More surprising is the shift by European automakers, particularly in Germany, which had long resisted the move away from diesel cars.  (p.18)

Meanwhile in Australia, there are no incentives to buy electric vehicles, putting them beyond the reach of most people.  But that’s not the only impact.

The huge disruption to global industries such as cars and steel explains why the European Union is moving quickly to impose carbon tariffs on its trading competitors.  Europe has a carbon price, thanks to its emissions trading scheme, which covers 40 percent of its greenhouse emissions.  Its member states don’t want local businesses and labour unions up in arms over competition from imported goods made with cheap fossil fuels in China and India.

When the European Parliament voted overwhelmingly in March to impose the carbon tariffs, it sparked an angry reaction in Canberra.  Australia’s trade minister, Dan Tehan, slammed it as ‘protectionist’.  But the MEPs insisted a carbon price on key imports from less climate-ambitious countries was critical because ‘global climate effort will not benefit if EU production is just moved to non-EU countries that have less ambitious emissions rules.’ (p.19)

‘The Outlier’ is a very sobering essay, more so in the wake of Australia’s dismal performance at COP26.

The remaining contents of this edition of AFF include these essays:

  • Wesley Morgan warns that Australia’s climate policy is undermining our Pacific relationships and proposes a path for rebuilding trust.  I found this essay to be the most compelling of them all.
  • Richard Denniss and Allan Behm expose Australia’s efforts to obstruct international climate action and to support fossil fuel exports.
  • Amanda McKenzie uncovers how Australia’s climate policy impedes its diplomacy and how to address this malaise.
  • Anthony Bergin and Jeffrey Wall outline a solution to Australia’s dwindling business ties in the Pacific.

Just to show what progressive voters are up against — at Goodreads where I entered this journal in my reading record, I saw, amongst a swag of 5-star ratings, this comment: A very one-sided, myopic edition of a normally very well-balanced journal.  

*sigh*

Editor: Jonathan Pearlman
Title:  Feeling the Heat, Australia under Climate Pressure
Publisher: Schwarz Publishing, Issue 12, July 2021
ISBN: 9781760642112
Source: personal subscription.

Available from Schwarz Publishing or your local newsagent or library


Responses

  1. A very interesting, well-written and thoughtful essay. I really admire your dedication to this issue, particularly as I can barely stand to read the latest news item about another ice shelf collapsing in Antarctica. What needs to be done is so obvious, and so much to everyone’s interest and yet — there are so many people here in the U.S. (can’t speak to other countries) who are still denying climate change or else aren’t particularly concerned about it, or about environmental issues in general. But, as you point out, there are some hopeful signs, GM’s decision to go to electric vehicles being one. For sanity’s sake, best to focus on these.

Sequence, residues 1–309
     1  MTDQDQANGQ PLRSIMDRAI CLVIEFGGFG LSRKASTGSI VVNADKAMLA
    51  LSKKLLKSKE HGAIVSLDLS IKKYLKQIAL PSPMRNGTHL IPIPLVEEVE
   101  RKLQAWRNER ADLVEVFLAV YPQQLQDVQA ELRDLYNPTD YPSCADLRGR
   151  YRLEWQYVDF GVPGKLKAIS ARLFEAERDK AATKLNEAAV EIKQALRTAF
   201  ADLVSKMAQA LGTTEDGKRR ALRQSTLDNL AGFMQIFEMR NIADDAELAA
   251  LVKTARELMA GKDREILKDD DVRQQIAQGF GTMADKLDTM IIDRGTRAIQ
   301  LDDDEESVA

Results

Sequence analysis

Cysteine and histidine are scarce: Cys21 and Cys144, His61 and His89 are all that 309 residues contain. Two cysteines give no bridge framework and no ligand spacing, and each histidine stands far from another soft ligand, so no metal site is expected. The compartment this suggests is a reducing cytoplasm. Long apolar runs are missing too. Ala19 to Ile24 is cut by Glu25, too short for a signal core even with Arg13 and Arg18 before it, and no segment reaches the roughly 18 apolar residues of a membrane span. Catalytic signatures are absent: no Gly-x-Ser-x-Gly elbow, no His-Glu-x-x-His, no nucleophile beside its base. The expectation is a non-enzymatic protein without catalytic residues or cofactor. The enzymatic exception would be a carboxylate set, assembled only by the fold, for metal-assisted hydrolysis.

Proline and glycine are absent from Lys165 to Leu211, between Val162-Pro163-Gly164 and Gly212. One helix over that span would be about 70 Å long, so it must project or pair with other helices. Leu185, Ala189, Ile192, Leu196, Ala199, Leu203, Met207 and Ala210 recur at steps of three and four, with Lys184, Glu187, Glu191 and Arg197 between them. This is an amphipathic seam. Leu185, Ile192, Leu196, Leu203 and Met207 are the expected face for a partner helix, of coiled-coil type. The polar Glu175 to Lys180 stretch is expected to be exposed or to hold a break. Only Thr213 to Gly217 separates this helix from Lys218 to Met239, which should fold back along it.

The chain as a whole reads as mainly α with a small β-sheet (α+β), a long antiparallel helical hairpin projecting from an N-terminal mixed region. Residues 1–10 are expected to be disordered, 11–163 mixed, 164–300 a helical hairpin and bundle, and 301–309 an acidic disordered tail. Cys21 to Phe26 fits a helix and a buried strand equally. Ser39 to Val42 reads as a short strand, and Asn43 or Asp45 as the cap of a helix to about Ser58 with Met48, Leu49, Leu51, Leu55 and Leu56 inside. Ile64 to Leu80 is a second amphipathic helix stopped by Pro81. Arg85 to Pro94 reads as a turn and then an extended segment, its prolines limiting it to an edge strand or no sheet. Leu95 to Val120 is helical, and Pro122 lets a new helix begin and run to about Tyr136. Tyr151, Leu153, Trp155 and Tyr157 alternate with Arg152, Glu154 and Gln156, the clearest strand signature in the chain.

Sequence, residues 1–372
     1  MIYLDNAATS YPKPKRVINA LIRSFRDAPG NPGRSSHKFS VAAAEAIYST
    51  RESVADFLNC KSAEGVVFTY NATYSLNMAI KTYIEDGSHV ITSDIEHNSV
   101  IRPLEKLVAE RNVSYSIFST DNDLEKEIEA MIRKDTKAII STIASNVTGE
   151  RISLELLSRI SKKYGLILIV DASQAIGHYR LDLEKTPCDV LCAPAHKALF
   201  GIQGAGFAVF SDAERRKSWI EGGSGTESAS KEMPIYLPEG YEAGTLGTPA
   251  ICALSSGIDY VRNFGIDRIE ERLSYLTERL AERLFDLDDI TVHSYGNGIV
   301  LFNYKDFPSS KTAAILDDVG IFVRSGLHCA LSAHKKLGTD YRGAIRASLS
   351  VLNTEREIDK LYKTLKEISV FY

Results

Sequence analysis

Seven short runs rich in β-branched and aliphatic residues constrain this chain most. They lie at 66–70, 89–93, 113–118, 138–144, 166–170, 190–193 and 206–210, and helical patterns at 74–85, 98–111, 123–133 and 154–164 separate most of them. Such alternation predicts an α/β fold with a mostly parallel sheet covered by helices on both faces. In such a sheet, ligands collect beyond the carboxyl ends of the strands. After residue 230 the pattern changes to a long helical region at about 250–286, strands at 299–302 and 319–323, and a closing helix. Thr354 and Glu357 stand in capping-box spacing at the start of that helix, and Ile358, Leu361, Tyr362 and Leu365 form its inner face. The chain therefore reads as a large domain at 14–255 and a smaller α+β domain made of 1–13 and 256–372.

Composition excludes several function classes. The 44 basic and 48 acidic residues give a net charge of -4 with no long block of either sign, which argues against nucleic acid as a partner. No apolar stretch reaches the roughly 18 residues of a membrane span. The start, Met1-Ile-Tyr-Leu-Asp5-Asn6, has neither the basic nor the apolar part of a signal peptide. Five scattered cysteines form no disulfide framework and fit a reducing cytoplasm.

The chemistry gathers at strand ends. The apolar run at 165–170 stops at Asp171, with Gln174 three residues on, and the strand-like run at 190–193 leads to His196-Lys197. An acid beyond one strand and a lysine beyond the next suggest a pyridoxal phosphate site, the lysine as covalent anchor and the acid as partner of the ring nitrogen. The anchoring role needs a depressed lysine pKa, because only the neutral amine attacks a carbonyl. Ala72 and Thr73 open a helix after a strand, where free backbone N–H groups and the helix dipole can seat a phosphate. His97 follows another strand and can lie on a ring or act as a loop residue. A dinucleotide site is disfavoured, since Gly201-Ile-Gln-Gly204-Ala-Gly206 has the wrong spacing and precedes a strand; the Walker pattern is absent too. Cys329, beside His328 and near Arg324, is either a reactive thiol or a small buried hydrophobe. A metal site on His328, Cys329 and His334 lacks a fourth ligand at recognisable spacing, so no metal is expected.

Like

    • Thank you:)
      I know that some readers are just not interested in politics in general and foreign affairs in particular, but these journals are part of my record of reading and that makes them part of who I am.

      What has happened with US politics is a tragedy, and not just for climate change, but action on climate change is the thing that matters most because as they point out in this issue, if the world doesn’t act, the not-so-far-away future is uninhabitable for humans. (All those people writing those same-same dystopias… they think it will be survivable for the rich and the book is about survival for the rest. That’s a delusion.) I’ll be dead and buried before the worst of it, and I have no grandchildren, but there’s a lot of climate-change induced human misery happening around the world at the moment, and united world action is the only way to rein that in. So we press on…

      Liked by 1 person

  2. Oh dear, that Goodreads comment… pity help us all if that opinion is held by more than 5% of the voters. Around election time I get worried that my predictions (hopes) are skewed by algorithms i.e. I’m only seeing posts from like-minded people. I sincerely hope that what I’m sensing for the election is correct and we get to say goodbye to a few current players.

    Like

    • I hear you.
      The truth is, (as the Guardian points out today) Victoria is the most progressive state… and the subtext of that is that it’s not representative of the rest of the country, especially not the resource rich states. The things we care about just don’t register with them. And you can safely bet that whatever your algorithms are doing, theirs are reinforcing their views too.
      It’s a strange world we live in…

      Liked by 1 person